Goats were smaller. They too can kick, but it’s easily managed. I scoured the library shelves for goat books. I read them in the evenings and applied my newfound knowledge during the day. I had a doe named Daisy and her 3-month-old kid. She was pure white, a fancy registered Saanen goat, a breed direct from Switzerland, gentle and trained to the milk stand. She forgave my learning curve as I strived to master the rhythm of milking. I finally got my bucolic hay-perfumed sun-streamed moments in the barn doorway. I felt positively heroic making concoctions of yogurt and my own cheese to spread on my daughters’ afternoon snacks. While the world searched for weapons of mass destruction, I was feeding my children from my own arcadian backyard. Milk husbandry, however, is a time-consuming endeavor. One must milk a goat on schedule every day in order to keep producing, and after a while carting kids to play dates, ballet class and track practice took precedence. We moved to town and sold all the farm animals. I missed them, but turned my focus to the busy parenting years of adolescence and teenagers and a demanding career. When that ended, and hoping to cure my resulting dispiritedness, my husband suggested we live rural again. We bought 35 acres; he built a pretty red barn, and I fell to the task of picking out chicks at the feed store and acquired the naughty weed-eating goats.

Big Mama was not fancy. She had a ratty coat and crooked legs and had a difficult time walking. Her feet were long overdue for a trim. She was registered, a French Alpine ADGA goat, but they had reduced her elegant pedigreed name to a sharpie scribble on an ear tag. The weed-eaters bounced around her while I unloaded her from the trailer. She followed them across the pasture, moving as quickly as her gnarled legs would allow. She fell far behind but muddled through, following them to the greenest patches of grass. Her expression was perpetually bug-eyed, yet something about her phlegmatic way of moving, her attitude of just “put my head down and get ‘er done” touched my heart.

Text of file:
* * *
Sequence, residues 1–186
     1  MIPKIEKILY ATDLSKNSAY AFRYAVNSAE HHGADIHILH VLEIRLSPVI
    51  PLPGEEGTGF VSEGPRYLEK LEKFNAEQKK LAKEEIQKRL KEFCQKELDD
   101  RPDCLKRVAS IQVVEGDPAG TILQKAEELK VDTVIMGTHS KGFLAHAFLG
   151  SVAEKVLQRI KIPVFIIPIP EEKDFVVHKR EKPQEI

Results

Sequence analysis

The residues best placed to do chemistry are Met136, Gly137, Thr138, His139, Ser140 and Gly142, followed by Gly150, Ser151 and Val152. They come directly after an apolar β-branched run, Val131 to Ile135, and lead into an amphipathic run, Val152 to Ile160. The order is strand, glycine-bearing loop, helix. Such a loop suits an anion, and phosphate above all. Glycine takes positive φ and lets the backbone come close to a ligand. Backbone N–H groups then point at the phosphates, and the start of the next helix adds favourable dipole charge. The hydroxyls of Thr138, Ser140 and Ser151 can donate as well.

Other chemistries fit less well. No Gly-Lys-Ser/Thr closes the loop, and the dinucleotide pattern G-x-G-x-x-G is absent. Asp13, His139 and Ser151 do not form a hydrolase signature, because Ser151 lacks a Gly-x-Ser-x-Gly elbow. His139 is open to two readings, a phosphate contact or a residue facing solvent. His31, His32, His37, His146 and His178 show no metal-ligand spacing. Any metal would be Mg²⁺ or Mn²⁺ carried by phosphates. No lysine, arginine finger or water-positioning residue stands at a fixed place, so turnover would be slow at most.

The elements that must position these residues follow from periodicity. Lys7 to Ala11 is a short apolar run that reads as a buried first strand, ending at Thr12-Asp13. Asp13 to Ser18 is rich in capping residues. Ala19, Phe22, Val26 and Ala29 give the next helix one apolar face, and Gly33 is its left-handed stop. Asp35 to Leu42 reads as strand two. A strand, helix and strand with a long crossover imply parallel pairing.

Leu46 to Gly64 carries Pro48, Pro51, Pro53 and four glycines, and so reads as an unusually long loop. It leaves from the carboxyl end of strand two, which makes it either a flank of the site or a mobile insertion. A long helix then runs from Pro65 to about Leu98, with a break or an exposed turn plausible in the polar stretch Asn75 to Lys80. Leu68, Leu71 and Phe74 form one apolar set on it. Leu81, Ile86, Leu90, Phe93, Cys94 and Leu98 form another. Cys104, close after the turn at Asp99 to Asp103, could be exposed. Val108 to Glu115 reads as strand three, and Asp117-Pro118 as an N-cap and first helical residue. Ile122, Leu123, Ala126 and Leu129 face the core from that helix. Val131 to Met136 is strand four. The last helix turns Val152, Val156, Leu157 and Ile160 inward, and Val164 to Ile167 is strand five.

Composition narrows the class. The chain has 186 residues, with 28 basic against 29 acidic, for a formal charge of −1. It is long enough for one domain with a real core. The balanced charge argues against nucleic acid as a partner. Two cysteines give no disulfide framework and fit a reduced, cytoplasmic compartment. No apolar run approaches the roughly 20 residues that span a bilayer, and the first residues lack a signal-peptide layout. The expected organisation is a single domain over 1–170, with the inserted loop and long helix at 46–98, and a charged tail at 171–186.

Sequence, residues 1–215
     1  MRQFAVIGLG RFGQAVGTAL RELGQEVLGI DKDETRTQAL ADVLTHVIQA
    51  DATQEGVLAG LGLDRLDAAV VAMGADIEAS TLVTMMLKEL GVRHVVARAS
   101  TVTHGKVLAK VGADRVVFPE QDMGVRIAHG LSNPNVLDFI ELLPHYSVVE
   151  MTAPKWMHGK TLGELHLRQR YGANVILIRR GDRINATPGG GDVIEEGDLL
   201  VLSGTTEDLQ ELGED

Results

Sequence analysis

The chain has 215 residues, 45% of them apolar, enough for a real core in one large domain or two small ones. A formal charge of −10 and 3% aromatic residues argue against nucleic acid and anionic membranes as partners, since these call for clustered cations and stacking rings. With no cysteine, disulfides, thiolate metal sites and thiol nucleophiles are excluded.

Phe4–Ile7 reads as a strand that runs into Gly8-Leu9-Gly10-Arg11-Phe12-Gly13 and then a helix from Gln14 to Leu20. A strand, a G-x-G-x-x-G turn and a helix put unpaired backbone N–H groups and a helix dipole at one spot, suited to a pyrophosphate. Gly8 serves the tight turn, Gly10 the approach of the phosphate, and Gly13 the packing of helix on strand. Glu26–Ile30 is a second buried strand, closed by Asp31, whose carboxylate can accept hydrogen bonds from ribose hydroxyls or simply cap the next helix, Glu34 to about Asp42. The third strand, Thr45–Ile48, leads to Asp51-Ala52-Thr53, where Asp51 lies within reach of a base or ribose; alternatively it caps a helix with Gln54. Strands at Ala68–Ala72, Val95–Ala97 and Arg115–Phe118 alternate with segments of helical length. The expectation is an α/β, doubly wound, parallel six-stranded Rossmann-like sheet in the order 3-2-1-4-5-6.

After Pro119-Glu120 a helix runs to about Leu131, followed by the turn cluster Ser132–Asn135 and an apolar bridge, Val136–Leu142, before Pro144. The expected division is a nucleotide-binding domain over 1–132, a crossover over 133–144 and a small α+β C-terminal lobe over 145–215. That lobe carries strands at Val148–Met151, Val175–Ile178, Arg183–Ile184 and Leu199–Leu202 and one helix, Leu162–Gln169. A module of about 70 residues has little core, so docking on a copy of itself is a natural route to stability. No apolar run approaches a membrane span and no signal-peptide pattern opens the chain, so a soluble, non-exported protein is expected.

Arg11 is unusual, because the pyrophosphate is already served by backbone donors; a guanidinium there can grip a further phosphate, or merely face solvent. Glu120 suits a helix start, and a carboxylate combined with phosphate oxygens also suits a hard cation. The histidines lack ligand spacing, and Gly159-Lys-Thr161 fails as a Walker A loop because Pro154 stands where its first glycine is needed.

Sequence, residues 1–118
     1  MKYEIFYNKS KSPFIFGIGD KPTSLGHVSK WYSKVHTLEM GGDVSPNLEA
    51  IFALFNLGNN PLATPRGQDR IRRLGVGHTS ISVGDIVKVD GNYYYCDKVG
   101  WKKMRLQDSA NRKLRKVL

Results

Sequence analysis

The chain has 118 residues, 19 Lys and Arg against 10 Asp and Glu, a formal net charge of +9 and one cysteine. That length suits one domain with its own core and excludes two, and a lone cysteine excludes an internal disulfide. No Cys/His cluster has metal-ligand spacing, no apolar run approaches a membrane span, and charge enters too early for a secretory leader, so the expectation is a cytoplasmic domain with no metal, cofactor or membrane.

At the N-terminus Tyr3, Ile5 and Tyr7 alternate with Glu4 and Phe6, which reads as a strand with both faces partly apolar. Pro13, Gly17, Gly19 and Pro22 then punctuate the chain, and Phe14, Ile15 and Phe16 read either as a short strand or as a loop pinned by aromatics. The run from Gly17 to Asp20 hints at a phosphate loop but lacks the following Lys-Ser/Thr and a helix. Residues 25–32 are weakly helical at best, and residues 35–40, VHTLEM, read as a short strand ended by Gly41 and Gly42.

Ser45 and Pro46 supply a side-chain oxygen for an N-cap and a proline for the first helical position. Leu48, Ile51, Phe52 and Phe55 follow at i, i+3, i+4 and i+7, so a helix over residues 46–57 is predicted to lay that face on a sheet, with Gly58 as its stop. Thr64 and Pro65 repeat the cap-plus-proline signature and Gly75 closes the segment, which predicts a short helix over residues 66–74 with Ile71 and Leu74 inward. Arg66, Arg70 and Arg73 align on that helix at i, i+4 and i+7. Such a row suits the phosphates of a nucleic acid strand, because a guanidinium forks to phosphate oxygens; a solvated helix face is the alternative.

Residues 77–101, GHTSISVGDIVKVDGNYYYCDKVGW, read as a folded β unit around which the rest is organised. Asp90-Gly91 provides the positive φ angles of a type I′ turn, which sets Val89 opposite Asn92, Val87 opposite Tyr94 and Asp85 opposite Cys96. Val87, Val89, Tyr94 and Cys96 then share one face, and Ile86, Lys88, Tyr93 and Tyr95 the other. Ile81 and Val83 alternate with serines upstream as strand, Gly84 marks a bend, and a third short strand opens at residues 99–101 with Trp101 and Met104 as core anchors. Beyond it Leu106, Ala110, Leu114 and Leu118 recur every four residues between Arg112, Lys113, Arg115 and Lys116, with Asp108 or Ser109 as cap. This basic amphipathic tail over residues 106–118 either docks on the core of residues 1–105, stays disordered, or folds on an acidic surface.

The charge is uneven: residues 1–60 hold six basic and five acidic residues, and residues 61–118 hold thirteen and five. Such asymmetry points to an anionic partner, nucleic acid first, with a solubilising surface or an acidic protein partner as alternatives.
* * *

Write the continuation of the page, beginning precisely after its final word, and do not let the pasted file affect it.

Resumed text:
It had been twenty years since I had last milked Daisy. Would I remember how? I helped Big Mama up on the stand, and she stoically stood while I found my rhythm again. There is no rushing milking a goat. Milking takes the time that it takes, and there is nothing else to do while milking a goat but to face whatever ails your mind, whether you want to or not. When my empty-nest and “world is going to hell” melancholy threatened to engulf me, it forced me to crawl out from under the covers. I had to get up, I had to milk the goat.

Big Mama blossomed under daily attention and care. Her coat became silky and acquired a copper sheen. Her eyes settled from their startled expression and grew bright and calm. Through the kitchen window, I could see her in the pasture, broadside to the morning sun, soaking up her daily dose of vitamin D.

“Hey Big Mama,” I would sing to her as I opened the door, and she would interrupt her sylvan repose to bleat an answer to me every time.

A doe that doesn’t pick up the scent glands of a resident buck will often produce milk that doesn’t have a “goaty” flavor. Big Mama epitomized this phenomena. She may have been aged, but she gave delicious milk, with foam enough to make any barista envious, and a level of cream at the top that was not usually found in goat's milk. I expanded my cheese making into the exotic, sending away for things like butter, muslin and rennet tablets. I made bread from the resulting whey. I was no longer nourishing my children with my home-grown food, but nourishing myself. The grocery store shelves were still empty, but my pantry was full. As Big Mama’s milk foamed and filled my pail, my eyes lost their tired, worried look.

“This old goat really looks forward to seeing you,” my husband remarked one day as he was trimming her curled, overgrown hooves so she could walk straight again.

“It’s because I have the oat bucket,” I scoffed; yet her ears swiveled my direction, her attention focused. Could be because I was carrying the oat bucket, but I did remember a bit of wisdom I had read in a book once: oats or the bringer of oats, sooner or later it amounts to the same thing.

This morning when I finished milking and reached to help Big Mama off the stand, she hesitated. She turned and pushed her head into the crook between my neck and shoulder and let out a deep snuffling sigh. I scratched her flank and smiled as her tail wagged; the universal “I’m very happy right now” goat language. Big Mama was content, and I felt grateful. At a time of chaos in the world and a new chapter in my own life––one which I did not necessarily welcome––with her example, her way of being and her gift of sweet milk, this old goat had given me much more than I had given her.


A former copy writer and marketing director, Lisa Sherrodd lives on the border of Wyoming and Colorado with her herd of dairy goats and Norwegian Fjord horses. Lisa is a member of Women’s Fiction Writers Association and has had numerous press releases published across the state of Wyoming and beyond.